And redeveloping it is. Opposite Farmopolis, workmen are busy constructing apartment buildings that will form the largest residential redevelopment project in Europe. It's not the most obvious spot for an experimental farm space, but it is perfectly placed to experiment with bringing local communities closer to the food that they eat. New residents will not only be able to look out of their windows at the farm, but to pop down, see everything growing, drink coffee, and eat a meal made from the produce in the Farmopolis restaurant.
"This jetty had stuff on it before, but there's something nice about mixing farming with your everyday life," says Vidler. As CEO of Secret Productions, the founding company behind summer festivals like Secret Garden Party and Wilderness, she's experienced in bringing arts and culture, and food and nature together to work in one space.
"This could just be a restaurant or a theatre space, but we look and see that it can be more than a venue," she says. "There's all this space that can be used for growing as well. So why not grow food?"
It's a sentiment very much in line with the guerrilla gardening movement, which sees abandoned pockets of land get planted up and cared for by local people—from unused flower beds around lamp posts to scraps of wasteland.
"When I first moved to London, I built a guerrilla garden," says Ring. "And once you start looking at it you see the potential for where you can grow. And it's everywhere."
For the moment, the greens at Farmopolis are the leftovers from Chelsea Flower Show which they "adopted," but over the next few weeks the pair will be setting up hydroponics to begin experimenting with growing produce like root vegetables.
"There are a million little things we're doing though none of them are actually small," says Ring. "Like seeing if we can use hydroponics for more than just salads. For example, we have really interesting toilets."
The toilets are waterless (like the drop loos at Glastonbury) and the compost goes into an anaerobic digester, which produces energy that they hope will eventually be enough to cover all their electricity usage. They're working out how to filter water from the Thames to use at the least for watering the plants.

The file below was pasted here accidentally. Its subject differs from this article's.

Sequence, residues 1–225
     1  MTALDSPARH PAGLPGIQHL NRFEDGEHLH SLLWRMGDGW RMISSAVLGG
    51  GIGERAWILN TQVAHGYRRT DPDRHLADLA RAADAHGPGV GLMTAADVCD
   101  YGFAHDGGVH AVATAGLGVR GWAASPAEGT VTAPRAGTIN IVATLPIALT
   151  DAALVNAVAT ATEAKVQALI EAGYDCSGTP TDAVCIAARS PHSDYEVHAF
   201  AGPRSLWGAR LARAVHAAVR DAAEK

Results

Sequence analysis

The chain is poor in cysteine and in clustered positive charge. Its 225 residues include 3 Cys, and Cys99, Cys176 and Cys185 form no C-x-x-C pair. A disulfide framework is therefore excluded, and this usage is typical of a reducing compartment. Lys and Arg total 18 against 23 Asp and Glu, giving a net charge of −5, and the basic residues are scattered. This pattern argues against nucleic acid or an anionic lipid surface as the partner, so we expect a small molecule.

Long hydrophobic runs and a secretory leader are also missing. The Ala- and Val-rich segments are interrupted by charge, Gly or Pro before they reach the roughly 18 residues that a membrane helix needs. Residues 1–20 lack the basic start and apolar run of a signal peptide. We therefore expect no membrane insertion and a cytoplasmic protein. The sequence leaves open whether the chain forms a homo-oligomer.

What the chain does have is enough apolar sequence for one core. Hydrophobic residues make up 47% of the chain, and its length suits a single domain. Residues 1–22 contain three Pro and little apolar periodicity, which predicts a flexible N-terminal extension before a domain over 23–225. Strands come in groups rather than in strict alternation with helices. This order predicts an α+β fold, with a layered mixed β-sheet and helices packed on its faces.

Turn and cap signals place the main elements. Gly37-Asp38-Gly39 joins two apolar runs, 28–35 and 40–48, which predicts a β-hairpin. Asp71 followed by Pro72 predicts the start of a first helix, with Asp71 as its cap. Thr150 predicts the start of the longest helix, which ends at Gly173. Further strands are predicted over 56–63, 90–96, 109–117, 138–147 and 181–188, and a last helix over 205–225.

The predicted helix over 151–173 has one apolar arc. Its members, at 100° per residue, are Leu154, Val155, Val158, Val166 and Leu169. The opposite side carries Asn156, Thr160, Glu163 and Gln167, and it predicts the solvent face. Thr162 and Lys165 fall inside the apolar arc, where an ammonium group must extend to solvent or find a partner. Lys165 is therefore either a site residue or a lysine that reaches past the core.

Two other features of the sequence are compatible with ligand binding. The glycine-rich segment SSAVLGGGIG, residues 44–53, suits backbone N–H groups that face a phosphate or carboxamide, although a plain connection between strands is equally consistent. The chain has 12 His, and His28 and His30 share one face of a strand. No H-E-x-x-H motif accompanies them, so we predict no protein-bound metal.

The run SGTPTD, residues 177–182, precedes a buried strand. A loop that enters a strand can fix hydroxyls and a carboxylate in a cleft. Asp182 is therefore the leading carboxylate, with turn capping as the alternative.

"We want to push all the ideas and see, to test ideas here first on a small scale, and then hopefully to have a larger platform to see how it could work," says Ring. She points over towards where the cable cars are dangling their way over the river. "There's a bizarre sculpture over there that's an upside down electricity pylon. It feels like it should be in a cornfield,"
It would be no surprise if they got permission to plant one.
"This is just about showing people what's possible," she adds. "But it's not where we're going to stop. We want to farm at a scale that's commercially viable, and meaningful."
"Cities around the world need this," says Vidler. "It's not just about playing with ideas that could be the future of farming. It's about allowing people to see it and touch it. The future has to include more integration of social and productive spaces, and I think London is a great city to start."
So, while the city of the future may well have mega skyscrapers and flying cars, if Farmopolis has anything to do with it, it'll be a massive harvest field too, filled with crops that could feed the world.
Every day this week, MUNCHIES is exploring the future of food on planet Earth, from lab-grown meat and biohacking to GMOs and the precarious state of our oceans. Find out more here.